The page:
difficulty to the cloud-aerosol classification task, and therefore reduces
the confidence of the classifications made. The dip between -10 and 20
represents features that are outliers in the 5-D CAD PDFs, and indicates that
these outliers most often lie beneath other relatively dense features. The
cloud layers with special CAD scores (103 and 104) have the smallest IAB QA
values. The relatively big value at CAD = 0 corresponds to the features
having zero CAD values at high altitudes where the probability of the
presence of overlying features is low. At high altitudes the separation of
clouds and aerosols is not as good as at low altitudes because of the
presence of subvisible cirrus clouds.
Figure 2A: Relation between CAD score and Layer IAB QA Factor
Overall, because of the better separation between clouds and aerosols in the
5D space, the 5D CAD algorithm significantly improves the reliability of the
CAD scores. The improvements include:
Dense aerosol layers (primarily very dense dust and smoke over and
close to the source regions), which are sometimes labeled as cloud in the
V2 release, are now correctly identified as aerosol, largely because of
the addition of the integrated volume depolarization ratio to the
diagnostic parameters used for cloud-aerosol discrimination. In addition,
in the open oceans, dense aerosols that were previously classified as
clouds are now frequently observed in the marine boundary layer.
Improvements are also seen for these maritime aerosols. Note, however,
dense dust/smoke layers found at single-shot (0.333 km) resolution will
be classified as cloud by default. This issue will be revisited for
Because the V2 CAD algorithm used a latitude-independent set of 3D
PDFs, a class of optically thin clouds encountered in the polar regions
that can extend from the surface to several kilometers were sometimes
misclassified as aerosols. In version 3, these features are now correctly
classified as cloud.
Correct classification of heterogeneous layers is always difficult. An
example of a heterogeneous layer would be an aerosol layer that is
vertically adjacent to a cloud or contains an embedded cloud, but which
is nonetheless detected by the feature finder as a single entity in the
V2 release. By convention, heterogeneous layers should be classified as
clouds. The version 3 feature finding algorithm has also been improved
greatly, and can now much better separate the embedded or adjacent
single-shot cloud layers from the surrounding aerosol. This improvement
in layer detection contributes significantly to the improvement of the
Some so-called features identified by the layer detection scheme are
not legitimate layers, but instead are artifacts due to the noise in the
signal, multiple scattering effects, or to artificial signal
enhancements caused by non-ideal detector transient response or an over
estimate of the attenuation due to overlying layers. These erroneous
"pseudo-features" are neither cloud nor aerosol and are
distributed outside of the cloud and aerosol clusters in the PDF space.
The V3 CAD algorithm can better identify these outlier features by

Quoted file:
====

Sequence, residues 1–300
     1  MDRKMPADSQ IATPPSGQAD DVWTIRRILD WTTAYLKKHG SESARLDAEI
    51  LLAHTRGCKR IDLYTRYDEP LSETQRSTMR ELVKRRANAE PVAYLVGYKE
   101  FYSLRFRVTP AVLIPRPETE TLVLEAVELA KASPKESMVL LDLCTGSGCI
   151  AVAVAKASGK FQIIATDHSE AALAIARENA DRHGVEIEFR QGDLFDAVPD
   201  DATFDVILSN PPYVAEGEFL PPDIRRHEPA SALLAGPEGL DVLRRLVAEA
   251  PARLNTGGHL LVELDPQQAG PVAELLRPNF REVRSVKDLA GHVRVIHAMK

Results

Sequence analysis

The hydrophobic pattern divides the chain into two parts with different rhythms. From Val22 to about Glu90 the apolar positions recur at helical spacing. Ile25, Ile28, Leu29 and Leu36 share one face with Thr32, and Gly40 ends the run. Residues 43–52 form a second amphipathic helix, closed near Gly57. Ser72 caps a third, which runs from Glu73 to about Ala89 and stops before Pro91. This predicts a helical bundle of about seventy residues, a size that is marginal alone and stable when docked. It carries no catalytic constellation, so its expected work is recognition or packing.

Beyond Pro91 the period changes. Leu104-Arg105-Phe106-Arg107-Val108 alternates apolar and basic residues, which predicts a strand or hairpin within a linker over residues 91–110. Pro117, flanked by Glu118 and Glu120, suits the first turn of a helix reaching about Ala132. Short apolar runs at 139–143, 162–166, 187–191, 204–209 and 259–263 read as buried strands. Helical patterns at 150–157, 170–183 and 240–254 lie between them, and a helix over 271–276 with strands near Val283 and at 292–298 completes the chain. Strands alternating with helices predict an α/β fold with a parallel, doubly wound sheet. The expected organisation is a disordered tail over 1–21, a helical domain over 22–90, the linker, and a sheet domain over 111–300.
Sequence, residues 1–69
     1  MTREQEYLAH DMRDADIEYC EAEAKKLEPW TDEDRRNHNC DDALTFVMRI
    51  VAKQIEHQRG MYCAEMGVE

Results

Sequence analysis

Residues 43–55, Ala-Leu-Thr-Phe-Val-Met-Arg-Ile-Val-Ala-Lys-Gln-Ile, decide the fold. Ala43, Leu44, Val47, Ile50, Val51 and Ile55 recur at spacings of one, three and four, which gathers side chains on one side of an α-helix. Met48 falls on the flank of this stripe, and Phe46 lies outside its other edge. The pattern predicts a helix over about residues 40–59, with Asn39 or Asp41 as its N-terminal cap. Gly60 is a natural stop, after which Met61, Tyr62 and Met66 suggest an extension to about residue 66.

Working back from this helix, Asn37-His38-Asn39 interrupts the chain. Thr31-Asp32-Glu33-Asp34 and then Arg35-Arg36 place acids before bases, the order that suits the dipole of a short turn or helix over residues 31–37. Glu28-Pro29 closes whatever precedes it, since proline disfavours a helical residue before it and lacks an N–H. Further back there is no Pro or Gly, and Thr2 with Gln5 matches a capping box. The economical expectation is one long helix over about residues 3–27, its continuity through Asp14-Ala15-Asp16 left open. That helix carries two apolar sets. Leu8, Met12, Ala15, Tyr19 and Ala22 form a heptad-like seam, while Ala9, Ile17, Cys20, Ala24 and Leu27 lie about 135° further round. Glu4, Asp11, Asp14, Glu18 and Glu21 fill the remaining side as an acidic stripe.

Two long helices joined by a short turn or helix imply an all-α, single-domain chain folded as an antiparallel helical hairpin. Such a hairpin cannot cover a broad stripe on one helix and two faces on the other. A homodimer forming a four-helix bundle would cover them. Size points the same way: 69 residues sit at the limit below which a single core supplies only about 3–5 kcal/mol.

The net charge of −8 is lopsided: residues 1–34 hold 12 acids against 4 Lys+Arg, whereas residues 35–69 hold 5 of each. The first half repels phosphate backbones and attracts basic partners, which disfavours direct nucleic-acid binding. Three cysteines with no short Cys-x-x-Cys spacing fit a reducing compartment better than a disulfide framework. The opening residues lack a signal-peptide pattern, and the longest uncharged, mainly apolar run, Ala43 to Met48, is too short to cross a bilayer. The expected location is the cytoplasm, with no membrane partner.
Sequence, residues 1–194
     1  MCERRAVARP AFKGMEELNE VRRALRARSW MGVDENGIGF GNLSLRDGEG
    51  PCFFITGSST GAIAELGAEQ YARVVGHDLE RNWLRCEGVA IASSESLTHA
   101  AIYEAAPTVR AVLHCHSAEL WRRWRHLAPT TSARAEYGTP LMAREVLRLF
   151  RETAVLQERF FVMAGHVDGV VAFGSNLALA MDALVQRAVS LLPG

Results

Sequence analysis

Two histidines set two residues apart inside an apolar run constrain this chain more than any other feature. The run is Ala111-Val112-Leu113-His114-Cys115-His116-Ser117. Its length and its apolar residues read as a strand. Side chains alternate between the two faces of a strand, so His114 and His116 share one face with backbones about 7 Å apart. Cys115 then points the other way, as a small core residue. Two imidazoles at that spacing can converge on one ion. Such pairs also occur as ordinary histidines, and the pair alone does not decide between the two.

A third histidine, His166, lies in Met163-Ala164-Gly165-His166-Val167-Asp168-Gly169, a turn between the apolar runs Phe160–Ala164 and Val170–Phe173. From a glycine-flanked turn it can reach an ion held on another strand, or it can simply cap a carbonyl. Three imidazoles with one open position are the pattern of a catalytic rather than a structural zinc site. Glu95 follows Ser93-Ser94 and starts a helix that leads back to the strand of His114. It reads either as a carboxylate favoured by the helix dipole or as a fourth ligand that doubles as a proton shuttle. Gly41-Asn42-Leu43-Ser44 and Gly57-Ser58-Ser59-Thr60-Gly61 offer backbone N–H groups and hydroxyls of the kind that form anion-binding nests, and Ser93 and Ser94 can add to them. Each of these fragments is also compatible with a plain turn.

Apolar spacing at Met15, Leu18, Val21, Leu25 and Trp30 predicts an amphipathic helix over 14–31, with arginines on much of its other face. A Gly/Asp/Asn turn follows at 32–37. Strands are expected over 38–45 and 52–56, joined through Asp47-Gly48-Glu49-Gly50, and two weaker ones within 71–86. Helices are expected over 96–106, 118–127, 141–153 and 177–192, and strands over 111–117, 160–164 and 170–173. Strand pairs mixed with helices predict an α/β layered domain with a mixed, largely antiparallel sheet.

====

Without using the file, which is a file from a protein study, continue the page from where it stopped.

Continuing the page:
assigning a small CAD score (the bump between -10 and 20 in the V3 CAD
histogram) and classify most of them as cloud by convention. A CAD
threshold of 20 can effectively filter out these outliers.
Some misclassification may still occur with the 5D algorithm. For example,
dust aerosols can be transported long distance to the Arctic. When moderately
dense dust layers are occasionally transported to high latitudes, where
cirrus clouds can present even in the low altitudes, they may be
misclassified. This is also the case for moderately dense smoke aerosols
occasionally transported to the high latitudes. Smoke can be mixed with ice
particles during the long range transport, which makes the smoke
identification even more difficult. When moderately dense dust and smoke are
transported vertically to high altitudes, even at low latitudes,
misclassifications can occur due to the presence of cirrus clouds. Volcanic
aerosol that is newly injected into the high altitudes may have a large
cross-polarized backscatter signal and thus may be misclassified as cloud.
The main objective of the aerosol subtyping scheme is to estimate the
appropriate value of the aerosol extinction-to-backscatter ratio
(Sa) to within 30% of the true value. Sa is an
important parameter used in the determination of the aerosol extinction and
subsequently the optical depth from CALIOP backscatter measurements.
Sa is an intensive aerosol property, i.e., a property that does
not depend on the number density of the aerosol but rather on such physical
and chemical properties as size distribution, shape and composition. These
properties depend primarily on the source of the aerosol and such factors as
mixing, transport, and in the case of hygroscopic aerosols, hydration.
The extinction products are produced by first identifying an aerosol type
and then using the appropriate values of Sa and the multiple
scattering factor, η(z). Note that multiple scattering
corrections have not yet been implemented for the current data release, so
that η(z) = 1 for all aerosol types. The accuracy of the
Sa value used in the lidar inversions depends on the correct
identification of the type of aerosol. In turn, the accuracy of the
subsequent optical depth estimate depends on the accuracy of Sa.